I really wish I had a baseball-themed post in the can for Throwback Thursday after watching Madison Bumgarner’s amazing performance last night in Game 7 of the World Series. This post from June, in which an NFL coach illustrates what a workout really is, will have to do. Congratulations to the Giants and the Royals on a spectacular series, and to the Giants for a tour de force win to cap off the season.
Inspiration Week! An NFL coach on what a workout really is.
[Originally published on June 17, 2014.]
This week, I put out a call to my friends for thoughts that keep my friends going when they’re toughing it out in a workout. I received a gem of a response: this meditation on what a workout really is, from former Washington Redskins coach George Allen.
The link below is from the Championship Coaches’ Network.
What is a workout?
A workout is 25 percent perspiration and 75 percent determination. Stated another way, it is one part physical exertion and three parts self-discipline. Doing it is easy once you get started.
A workout makes you better today than you were yesterday. It strengthens the body, relaxes the mind, and toughens the spirit. When you work out regularly, your problems diminish and your confidence grows.
A workout is a personal triumph over laziness and procrastination. It is the badge of a winner – the mark of an organized, goal-oriented person who has taken charge of his, or her, destiny.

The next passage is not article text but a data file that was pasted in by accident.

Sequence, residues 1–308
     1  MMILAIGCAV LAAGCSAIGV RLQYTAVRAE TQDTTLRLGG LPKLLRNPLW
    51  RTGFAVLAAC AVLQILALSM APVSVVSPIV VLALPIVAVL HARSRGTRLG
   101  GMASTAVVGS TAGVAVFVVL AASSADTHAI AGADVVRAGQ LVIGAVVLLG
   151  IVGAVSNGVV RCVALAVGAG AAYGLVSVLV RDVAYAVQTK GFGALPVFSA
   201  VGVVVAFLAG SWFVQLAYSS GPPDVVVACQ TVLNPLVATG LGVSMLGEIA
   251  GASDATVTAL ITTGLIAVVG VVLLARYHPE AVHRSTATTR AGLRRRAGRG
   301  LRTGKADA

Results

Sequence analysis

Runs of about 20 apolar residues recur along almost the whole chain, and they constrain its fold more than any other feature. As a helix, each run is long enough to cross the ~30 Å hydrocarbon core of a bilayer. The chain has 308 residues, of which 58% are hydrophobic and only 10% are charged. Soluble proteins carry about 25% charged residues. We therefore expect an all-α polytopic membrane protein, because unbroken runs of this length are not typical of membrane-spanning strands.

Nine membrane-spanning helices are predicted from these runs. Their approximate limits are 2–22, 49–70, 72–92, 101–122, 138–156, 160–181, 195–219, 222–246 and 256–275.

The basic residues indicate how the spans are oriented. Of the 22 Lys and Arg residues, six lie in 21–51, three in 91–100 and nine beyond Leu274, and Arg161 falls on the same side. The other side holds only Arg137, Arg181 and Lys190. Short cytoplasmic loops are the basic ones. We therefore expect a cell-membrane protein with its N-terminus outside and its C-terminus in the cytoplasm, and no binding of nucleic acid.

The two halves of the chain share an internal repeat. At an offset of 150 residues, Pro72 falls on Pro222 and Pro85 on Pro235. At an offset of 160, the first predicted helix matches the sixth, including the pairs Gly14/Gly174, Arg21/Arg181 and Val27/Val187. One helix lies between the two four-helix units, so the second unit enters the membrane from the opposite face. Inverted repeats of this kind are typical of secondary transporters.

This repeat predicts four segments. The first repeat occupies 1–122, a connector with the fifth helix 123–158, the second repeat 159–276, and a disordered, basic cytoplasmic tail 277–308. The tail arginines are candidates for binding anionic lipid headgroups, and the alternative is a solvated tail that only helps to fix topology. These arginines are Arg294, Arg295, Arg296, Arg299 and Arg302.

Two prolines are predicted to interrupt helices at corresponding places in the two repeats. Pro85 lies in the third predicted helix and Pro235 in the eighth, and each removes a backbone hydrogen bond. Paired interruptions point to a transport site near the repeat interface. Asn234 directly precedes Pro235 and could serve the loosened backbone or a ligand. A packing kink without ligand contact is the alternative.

A workout is a wise use of time and an investment in excellence. It is a way of preparing for life’s challenges and proving to yourself that you have what it takes to do what is necessary.
A workout is a key that helps unlock the door to opportunity and success. Hidden within each of us is an extraordinary force. Physical and mental fitness are the triggers that can release it.
A workout is a form of rebirth. When you finish a good workout, you don’t simply feel better, YOU FEEL BETTER ABOUT YOURSELF.
– George Allen, Pro Football Hall of Fame inductee
Ever since watching the implosion of many athletic careers up close during various drug scandals of the last decade and a half, I’ve been careful about not lionizing athletes and coaches as perfectly wise human beings, despite their often-stunning physical accomplishments. Reading up on George Allen this morning, I can tell you that the quote above made my day…and yet he doesn’t particularly sound like he was the healthiest person on earth, with 16-hour workdays and a devotion to football that, according to his children, resulted in a tunnel-vision focus that excluded his family. That just does not feel like a healthy way to live (and yet today we still revere NFL coaches who work so hard that they sleep in their offices).
I often hope for a more balanced world…but I’ve also realized that the one person whose life balance I have complete control over is my own. That is really our call to action in life, to take care of ourselves so that we can do the work of our own days. I do love what the above quote reflects about workouts. I never finish a workout feeling anything other than great.
Well, maybe once or twice I dragged the whole time and was happy to finish. But just once or twice.
One more from NFL world today – a quote on success from Vernon Davis of the San Francisco 49ers, Peter King’s guest MMQB columnist this week:
If you know the formula to be successful as a football player, you know the formula to be successful after football. You have to be relentless.
– Vernon Davis
Now get out there and get your workout on.
[And back to real time: October 30, 2014]
Yesterday’s Every48 workout: That nice BIKE ride at the gym that I wrote about yesterday, ’cause it was done before 8 a.m. Yay.